Making Sense of China’s Excessive Foreign Reserves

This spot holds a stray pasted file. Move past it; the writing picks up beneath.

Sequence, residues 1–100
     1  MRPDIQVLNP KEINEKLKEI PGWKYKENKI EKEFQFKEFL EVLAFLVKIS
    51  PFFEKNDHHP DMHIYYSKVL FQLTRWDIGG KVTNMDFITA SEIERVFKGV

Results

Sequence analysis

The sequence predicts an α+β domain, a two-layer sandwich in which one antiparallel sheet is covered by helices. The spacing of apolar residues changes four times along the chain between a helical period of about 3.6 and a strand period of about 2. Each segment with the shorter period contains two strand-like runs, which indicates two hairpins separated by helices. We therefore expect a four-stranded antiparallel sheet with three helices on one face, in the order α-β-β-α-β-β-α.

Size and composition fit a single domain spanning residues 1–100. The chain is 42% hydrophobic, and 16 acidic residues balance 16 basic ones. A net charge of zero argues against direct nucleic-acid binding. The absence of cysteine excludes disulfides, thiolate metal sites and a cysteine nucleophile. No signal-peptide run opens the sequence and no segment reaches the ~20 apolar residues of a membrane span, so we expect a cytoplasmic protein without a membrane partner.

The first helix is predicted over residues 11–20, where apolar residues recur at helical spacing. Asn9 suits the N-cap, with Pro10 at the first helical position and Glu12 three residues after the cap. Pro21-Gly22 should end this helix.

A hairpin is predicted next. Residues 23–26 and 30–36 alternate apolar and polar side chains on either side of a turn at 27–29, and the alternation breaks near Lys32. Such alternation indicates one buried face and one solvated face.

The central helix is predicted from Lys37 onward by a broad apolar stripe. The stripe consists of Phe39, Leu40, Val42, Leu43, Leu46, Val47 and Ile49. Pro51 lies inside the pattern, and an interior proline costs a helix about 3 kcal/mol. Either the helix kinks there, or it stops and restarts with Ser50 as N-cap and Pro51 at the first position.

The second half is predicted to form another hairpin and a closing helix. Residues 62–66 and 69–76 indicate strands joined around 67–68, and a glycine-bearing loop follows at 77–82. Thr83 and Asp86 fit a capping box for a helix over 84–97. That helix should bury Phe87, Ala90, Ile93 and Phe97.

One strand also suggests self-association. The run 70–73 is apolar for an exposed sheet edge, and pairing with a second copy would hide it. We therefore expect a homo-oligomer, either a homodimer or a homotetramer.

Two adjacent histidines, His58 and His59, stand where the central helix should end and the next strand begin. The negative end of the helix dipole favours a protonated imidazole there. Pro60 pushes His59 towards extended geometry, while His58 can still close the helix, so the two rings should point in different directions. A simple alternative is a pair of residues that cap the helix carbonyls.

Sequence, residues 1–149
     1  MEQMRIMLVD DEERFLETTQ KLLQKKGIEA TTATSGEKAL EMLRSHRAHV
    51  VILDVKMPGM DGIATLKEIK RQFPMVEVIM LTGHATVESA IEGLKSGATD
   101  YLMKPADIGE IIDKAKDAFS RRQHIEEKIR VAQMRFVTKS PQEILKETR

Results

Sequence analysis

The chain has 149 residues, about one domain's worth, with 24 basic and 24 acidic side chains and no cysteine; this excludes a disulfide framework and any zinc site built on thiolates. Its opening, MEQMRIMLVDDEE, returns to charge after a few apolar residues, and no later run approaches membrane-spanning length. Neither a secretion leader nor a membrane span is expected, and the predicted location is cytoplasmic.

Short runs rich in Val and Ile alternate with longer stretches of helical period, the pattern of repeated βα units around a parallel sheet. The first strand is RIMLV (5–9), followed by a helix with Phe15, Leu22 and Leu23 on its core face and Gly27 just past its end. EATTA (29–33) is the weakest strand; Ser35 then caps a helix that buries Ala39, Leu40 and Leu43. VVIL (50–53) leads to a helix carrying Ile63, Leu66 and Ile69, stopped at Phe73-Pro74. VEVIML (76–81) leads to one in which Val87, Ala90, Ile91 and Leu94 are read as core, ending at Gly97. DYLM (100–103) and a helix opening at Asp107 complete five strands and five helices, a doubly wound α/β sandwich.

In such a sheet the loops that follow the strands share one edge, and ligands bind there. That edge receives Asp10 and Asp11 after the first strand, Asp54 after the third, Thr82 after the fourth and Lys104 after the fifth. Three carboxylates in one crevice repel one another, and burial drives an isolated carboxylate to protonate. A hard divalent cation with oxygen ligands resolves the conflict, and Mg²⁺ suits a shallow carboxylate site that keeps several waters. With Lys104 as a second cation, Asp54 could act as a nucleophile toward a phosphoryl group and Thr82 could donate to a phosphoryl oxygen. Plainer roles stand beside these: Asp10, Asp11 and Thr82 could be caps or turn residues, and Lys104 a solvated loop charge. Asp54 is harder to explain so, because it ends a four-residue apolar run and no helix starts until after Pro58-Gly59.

Large uninsured risk, severe borrowing constraints, and rapid income growth can create excessively high household saving rates and large current account surpluses for emerging economies. Therefore, the massive foreign-reserve buildups by China are not necessarily the intended outcome of any government policies or an undervalued home currency, but instead a natural consequence of the country’s rapid economic growth in conjunction with an inefficient financial system (or lack of timely financial reform). A tractable growth model of precautionary saving is provided to quantitatively explain China’s extraordinary path of trade surplus and foreign-reserve accumulation in recent decades. Ironically, the analysis suggests that without a well-developed domestic financial market, the value of the renminbi (RMB) may significantly depreciate, instead of appreciate, once the Chinese government abandons the linked exchange rate and the massive amount of precautionary savings of Chinese households are unleashed toward international financial markets to search for better returns.